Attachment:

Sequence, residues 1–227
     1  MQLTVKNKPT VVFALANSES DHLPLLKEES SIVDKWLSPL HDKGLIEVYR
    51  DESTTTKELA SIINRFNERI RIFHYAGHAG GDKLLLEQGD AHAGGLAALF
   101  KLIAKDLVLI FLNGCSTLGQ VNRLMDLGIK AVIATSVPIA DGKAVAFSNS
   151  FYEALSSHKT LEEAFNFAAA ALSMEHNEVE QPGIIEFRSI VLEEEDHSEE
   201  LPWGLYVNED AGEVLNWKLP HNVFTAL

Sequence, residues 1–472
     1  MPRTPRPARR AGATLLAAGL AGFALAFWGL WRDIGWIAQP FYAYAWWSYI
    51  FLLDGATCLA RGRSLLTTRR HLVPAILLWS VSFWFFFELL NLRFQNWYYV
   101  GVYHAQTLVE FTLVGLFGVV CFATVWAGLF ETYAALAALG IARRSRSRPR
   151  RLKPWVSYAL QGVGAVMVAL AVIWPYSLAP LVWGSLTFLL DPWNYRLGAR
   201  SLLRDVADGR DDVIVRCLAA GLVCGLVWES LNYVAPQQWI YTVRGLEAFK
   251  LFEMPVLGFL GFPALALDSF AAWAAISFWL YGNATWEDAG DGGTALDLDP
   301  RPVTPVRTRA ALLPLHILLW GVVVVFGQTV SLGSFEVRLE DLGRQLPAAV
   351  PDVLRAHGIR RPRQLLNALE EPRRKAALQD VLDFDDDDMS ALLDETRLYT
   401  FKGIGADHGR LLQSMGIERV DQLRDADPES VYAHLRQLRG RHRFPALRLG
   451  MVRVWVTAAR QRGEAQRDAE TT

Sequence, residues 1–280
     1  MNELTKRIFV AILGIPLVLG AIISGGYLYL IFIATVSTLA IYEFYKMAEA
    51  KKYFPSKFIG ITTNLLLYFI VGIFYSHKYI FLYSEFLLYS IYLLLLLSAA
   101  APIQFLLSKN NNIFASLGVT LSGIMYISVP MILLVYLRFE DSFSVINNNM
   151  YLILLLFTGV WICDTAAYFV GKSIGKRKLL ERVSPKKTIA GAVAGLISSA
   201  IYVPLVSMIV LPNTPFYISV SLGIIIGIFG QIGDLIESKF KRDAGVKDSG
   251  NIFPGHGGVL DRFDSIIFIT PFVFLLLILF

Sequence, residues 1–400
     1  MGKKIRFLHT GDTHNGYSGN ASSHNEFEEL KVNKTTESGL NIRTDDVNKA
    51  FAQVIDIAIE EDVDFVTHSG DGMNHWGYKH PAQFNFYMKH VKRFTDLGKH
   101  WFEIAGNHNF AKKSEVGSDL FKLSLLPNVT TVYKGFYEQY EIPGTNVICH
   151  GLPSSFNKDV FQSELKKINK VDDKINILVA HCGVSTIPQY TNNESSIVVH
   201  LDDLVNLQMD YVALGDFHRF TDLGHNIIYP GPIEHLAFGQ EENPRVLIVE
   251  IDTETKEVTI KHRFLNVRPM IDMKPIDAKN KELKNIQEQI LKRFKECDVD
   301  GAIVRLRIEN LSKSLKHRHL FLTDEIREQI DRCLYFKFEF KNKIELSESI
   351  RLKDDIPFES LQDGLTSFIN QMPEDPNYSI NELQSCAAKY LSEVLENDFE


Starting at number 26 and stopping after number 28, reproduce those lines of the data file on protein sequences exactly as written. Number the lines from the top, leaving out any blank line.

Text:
     1  MGKKIRFLHT GDTHNGYSGN ASSHNEFEEL KVNKTTESGL NIRTDDVNKA
    51  FAQVIDIAIE EDVDFVTHSG DGMNHWGYKH PAQFNFYMKH VKRFTDLGKH
   101  WFEIAGNHNF AKKSEVGSDL FKLSLLPNVT TVYKGFYEQY EIPGTNVICH